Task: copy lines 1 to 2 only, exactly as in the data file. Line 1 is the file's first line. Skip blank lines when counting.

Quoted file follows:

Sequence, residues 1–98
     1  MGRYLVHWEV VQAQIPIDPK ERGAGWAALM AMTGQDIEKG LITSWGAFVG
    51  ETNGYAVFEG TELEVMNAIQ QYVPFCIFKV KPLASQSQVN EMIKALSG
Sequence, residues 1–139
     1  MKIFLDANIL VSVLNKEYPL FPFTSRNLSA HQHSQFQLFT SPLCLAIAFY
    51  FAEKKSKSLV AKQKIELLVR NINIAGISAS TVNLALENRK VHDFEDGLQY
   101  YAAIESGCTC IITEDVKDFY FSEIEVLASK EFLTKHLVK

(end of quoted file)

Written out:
Sequence, residues 1–98
     1  MGRYLVHWEV VQAQIPIDPK ERGAGWAALM AMTGQDIEKG LITSWGAFVG